Just a little bit about the story of Seeing Butter: It involves an ordinary man named Randy who comes home to his apartment and discovers a portly gray cat sitting inside. The comedy/mystery follows as Randy tries to discover whose cat it is and why it's there.

Here is a picture of the feline actor in our film -- she was in the process of okaying the script when something more important took her attention away...

Friday, March 6, 2009

Star Trek

As some of you already know, J.J. Abrams upcoming Star Trek (out on May 8th) was the first set I worked on when I got out to L.A. Answering an ad for an open call for extras meant waiting in line for a few hours to get a snapshot taken. The extras casting director called a month or so later and had me come in for a fitting. They fitted me for a Star Fleet cadet uniform and I ended up working as a cadet for 7-8 days - in Tustin, Long Beach, all over really. Then, they asked me to be a cadet in a flight simulator scene -- it was pretty cool as the scene was just 4 or 5 extras and the main stars, and one day we sang 'Happy Birthday' to set-visitor Steven Spielberg -- so I got fitted for another costume (this one was much more comfortable, though it looked kind of like one-piece blue pajamas.) I also got fitted for yet another costume, an engineer/workman outfit and did some green screen stuff.

In all over a period of 4 months or so, I worked several weeks. It was a great learning experience just being on a set that big and seeing how things worked. I wasn't much of a Star Trek fan going in, but I met some really cool folks who were, and learned a bit more about the mythology of the series. And just as importantly, because I was fortunate enough to be chosen for some of the smaller scenes that shot on the Paramount lot, I got enough SAG vouchers to be able to join the union.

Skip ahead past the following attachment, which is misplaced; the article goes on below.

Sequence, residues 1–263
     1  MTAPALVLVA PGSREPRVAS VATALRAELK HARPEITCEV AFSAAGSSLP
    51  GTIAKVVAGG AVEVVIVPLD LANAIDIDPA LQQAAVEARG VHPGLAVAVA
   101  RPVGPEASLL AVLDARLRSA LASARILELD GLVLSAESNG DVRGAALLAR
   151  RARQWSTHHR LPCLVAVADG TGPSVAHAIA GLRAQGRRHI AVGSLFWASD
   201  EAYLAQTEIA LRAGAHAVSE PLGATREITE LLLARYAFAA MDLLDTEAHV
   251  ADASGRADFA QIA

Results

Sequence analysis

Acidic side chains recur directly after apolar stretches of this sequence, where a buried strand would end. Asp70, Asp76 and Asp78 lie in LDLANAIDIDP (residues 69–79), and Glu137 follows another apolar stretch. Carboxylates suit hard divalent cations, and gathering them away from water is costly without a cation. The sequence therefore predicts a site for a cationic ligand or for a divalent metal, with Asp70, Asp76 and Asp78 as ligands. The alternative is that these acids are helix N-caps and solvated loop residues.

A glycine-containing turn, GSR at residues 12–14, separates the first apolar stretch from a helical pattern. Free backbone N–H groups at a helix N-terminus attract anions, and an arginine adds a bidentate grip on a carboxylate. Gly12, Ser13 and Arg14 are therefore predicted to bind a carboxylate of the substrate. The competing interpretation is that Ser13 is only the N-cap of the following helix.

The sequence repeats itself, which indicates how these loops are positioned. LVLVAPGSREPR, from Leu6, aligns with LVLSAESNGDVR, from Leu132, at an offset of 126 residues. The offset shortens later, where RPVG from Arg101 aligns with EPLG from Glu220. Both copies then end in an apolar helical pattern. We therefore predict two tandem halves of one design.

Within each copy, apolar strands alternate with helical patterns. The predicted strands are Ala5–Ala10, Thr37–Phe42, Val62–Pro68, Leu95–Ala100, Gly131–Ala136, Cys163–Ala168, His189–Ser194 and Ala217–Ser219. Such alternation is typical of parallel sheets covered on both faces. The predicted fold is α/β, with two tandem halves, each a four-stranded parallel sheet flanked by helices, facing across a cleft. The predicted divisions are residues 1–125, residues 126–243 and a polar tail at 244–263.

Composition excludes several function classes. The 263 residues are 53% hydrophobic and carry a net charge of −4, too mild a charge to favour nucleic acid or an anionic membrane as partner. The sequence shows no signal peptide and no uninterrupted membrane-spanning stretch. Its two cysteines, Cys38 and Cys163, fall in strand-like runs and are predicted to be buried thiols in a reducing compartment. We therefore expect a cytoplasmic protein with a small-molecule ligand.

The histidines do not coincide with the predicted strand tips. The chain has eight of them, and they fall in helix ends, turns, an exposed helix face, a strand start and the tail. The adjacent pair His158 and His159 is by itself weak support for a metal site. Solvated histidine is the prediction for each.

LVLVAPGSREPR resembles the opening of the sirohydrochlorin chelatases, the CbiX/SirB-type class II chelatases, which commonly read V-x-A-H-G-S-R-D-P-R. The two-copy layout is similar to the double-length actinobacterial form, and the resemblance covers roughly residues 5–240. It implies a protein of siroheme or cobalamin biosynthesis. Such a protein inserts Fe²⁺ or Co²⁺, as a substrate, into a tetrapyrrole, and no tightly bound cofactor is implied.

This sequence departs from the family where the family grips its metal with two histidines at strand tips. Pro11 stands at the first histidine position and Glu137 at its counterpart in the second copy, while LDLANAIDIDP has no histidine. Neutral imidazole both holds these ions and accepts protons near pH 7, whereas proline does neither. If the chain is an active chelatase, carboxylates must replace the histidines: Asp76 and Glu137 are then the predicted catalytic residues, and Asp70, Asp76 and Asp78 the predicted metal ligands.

For these reasons alone, and to see if I could spot myself on the big screen, I was planning on seeing the movie when it comes out in May. But, the new trailer was just released and it actually looks like a really solid sci-fi/action flick! Here is that trailer - you can watch a high quality version HERE.

"Live long and prosper!" or something.

Thursday, March 5, 2009

Doin' Your Own Thing

Amidst the union turmoil in LA and the poor economy everywhere, it is harder than ever for actors new to town to get their break. To that end, I think my acting teacher, Paul, has the right idea that the best way to be (and feel) proactive is to get your own stuff going. This is easier said than done, but given advances in technology, it is still much easier now than even a decade ago. With cheaper high quality cameras and editing software, anyone can make a movie.

That being said, if you want to get noticed, some solid writing, directing, editing, acting, etc. go a long way. So, Gina and I came up with a story that we thought would be fun to work on and film as a series of short, 2-3 minute 'webisodes.' We convinced a few of our very talented friends to join as cast and crew and did some shooting of Seeing Butter last week. We hope to have the resulting webisodes ready to upload in a few weeks, so keep your eyes peeled!